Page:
Flee to the stars to maintain your immortality? But wherever you can go, the new hyper-evolutes can and will follow. By getting out of the evolutionary rat race, you won't benefit from the massively parallel exploration of solution spaces. If they catch up, you'll be over-run and consumed, or forced to engage in changes that evolve you (your mental state, not just the physical you) out of existence.

Anyhow - just some idle speculation - things don't always work out as ideally as we dream.

Tom Craver

Brett: Well, I think we can at best say that immortality doesn't provide any major evolutionary advantages - and as I tried to describe, there could be evolutionary disadvantages.

I've thought for quite a long time that as the self-oriented boomer generation aged, they'd start to get worried about their mortality, and we'd be likely to see a big up-swing of interest/research/acceptance of anti-aging.

This appears to be working out about as I expected. Naturally the first results are rather superficial - hair restoration, sexual function restoration, skin appearance restoration, wrinkle elimination, eyesight correction, interest in HGH and calorie restriction and stem cells, etc.

This is stimulating research for more effective anti-aging products. Anti-aging research is no longer taboo or "wacky" - going into it is no longer a career killer for a scientist.

People are still leery about the morality of not dying (how odd!) but I expect they'll go through various stages of acceptance. I think most people are in the stage of accepting "live with better health through natural life span", while more advanced elements are at the stage of accepting "live well to a maximum natural human life span". Acceptance of the idea of an open-ended lifespan is still fringe, but a rapidly growing fringe. I expect we'll see some major anti-aging progress within the next decade, with accompanying major controversy.

Janessa Ravenwood

Tom: Or none of that rather bizarre scenario could come to pass and instead I do my best to advance my body to the greatest posthuman design I can get my hands on to armor myself and then arm myself to the teeth against any such lunatic nutjubs; this is, in fact, the plan. Yet another reason I’m not real keen on a restricted nanofac. I figure at least SOME nuts are out there and I want the ability to manufacture the best weapons I can design or get designs for; I’m a real firm believer in the right to self-defense.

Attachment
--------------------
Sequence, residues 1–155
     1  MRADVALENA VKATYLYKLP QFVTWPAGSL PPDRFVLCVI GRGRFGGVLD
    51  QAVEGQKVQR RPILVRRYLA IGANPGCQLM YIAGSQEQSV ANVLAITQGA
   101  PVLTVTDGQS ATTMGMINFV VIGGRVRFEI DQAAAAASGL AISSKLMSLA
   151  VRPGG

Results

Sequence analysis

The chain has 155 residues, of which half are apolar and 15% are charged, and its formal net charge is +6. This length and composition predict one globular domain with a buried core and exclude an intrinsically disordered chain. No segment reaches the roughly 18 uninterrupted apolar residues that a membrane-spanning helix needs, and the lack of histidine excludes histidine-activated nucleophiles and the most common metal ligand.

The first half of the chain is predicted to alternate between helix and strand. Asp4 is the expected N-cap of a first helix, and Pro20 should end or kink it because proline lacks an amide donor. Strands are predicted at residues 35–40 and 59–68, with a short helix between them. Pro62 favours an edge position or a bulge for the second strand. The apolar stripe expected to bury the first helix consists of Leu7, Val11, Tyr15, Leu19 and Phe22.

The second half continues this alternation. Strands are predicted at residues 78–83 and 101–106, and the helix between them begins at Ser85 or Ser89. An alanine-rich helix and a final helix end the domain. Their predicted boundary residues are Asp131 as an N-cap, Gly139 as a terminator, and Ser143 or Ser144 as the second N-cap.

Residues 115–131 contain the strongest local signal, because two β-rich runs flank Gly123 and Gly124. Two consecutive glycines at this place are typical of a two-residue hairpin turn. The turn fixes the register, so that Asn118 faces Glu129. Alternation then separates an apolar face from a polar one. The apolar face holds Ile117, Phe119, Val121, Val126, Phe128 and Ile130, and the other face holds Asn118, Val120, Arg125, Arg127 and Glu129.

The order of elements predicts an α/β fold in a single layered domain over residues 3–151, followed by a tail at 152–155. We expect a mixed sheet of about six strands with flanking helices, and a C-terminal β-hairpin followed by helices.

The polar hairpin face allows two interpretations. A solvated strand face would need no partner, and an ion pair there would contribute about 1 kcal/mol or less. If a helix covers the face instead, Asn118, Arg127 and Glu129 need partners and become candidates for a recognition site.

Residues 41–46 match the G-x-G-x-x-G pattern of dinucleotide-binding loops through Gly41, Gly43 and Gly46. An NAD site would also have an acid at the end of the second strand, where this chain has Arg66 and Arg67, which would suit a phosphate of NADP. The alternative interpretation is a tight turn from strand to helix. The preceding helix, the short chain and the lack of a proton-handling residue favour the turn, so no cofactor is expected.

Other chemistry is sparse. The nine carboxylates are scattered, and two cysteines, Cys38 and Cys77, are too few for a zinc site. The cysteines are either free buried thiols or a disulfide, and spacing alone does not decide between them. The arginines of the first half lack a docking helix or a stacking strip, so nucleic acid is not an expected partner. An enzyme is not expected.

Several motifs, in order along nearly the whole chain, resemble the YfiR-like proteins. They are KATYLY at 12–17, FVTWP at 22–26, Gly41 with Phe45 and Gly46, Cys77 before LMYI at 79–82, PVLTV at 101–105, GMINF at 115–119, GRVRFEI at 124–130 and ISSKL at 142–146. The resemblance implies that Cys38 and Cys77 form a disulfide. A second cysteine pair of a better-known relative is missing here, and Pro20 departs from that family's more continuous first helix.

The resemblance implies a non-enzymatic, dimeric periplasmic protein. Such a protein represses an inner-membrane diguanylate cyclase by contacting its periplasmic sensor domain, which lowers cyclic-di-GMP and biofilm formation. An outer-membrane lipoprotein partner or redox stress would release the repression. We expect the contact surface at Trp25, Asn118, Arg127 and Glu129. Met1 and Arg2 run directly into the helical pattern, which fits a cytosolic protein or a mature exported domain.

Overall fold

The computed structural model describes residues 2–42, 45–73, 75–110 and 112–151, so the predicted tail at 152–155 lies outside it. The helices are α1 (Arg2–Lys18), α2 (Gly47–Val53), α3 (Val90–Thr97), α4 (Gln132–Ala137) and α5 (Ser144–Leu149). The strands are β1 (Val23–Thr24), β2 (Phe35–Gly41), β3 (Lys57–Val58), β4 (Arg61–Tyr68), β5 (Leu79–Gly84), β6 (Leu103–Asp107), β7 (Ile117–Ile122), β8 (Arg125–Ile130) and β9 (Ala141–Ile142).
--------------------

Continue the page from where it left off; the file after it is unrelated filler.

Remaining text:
But feel free to just give up and die if you want. Evolution in action, indeed. If *I* go down, it’ll be fighting, with doomsday WMD’s if comes to that.

Janessa Ravenwood

Actually, I just have to comment further – the more I read your post, the more I see how ridiculous it was. Let’s go over it:


“All it would take to restart evolution would be one group of sentients who decide that it'd be smart to convert all easily available mass into copies of themselves. Seeing where that leads, everyone else either follows suit or is eventually consumed by those who follow that strategy.”
-----
Beyond ridiculous. I’ve seen better plots on Dexter’s Laboratory. “Well, gee! A group of wackos want to kill us all by absorbing us in their ‘Borg Collective’ thingie. We couldn’t…well…FIGHT BACK could we? Guess not. Oh, well, we’ll all just have to sit here and get assimilated I suppose. All hail the Borg Queen, or whoever.” Yes, I’m sure lots of people would just be jumping at the chance to “follow suit” in that scenario – if they’ve all been smoking a whole lot of crack. And of course we know that in any scenario where a group of people are attacked that the defenders always lose and the attackers always win – NOT.


“Soon there would be analogues to predator and prey, herbivore and plant and carnivore. (Is it better to be the top predator - but dependent on the lives of others being sacrificed to you - or a self-sufficient tree that the predator sleeps in, thereby keeping herbivores away? Metaphorically speaking, of course.)”
-----
What this has to do with the above, I have no idea since you said that “all easily available mass” would be converted into these super-predators and thus there shouldn’t be any herbivores or plants left.


“Flee to the stars to maintain your immortality? But wherever you can go, the new hyper-evolutes can and will follow. By getting out of the evolutionary rat race, you won't benefit from the massively parallel exploration of solution spaces. If they catch up, you'll be over-run and consumed, or forced to engage in changes that evolve you (your mental state, not just the physical you) out of existence.”
-----
See Brett’s previous posts on space living and defense. And allow me to assure you that I would pick nuclear weapons as my FIRST line of defense in that scenario, to be used liberally and frequently, not sparingly. They’d learn quickly and the hard way that my atoms were not “easily available mass.” As for being “out-paced” evolution-wise, I’ll try to refrain from laughing too hard. Aside from the fact that I could use lots of AI’s to explore those same possibilities myself, I could always spy on the “Borg Collective” and pilfer their designs as well (good idea in any case, accurate intelligence is the cornerstone of any successful strategy). I could also turn the tables on THEM and try to assimilate them instead with my own “nano-assimilator.”


Anyhow - just some idle speculation - things don't always work out as ideally as we dream.
------
No kidding.

Chris Phoenix, CRN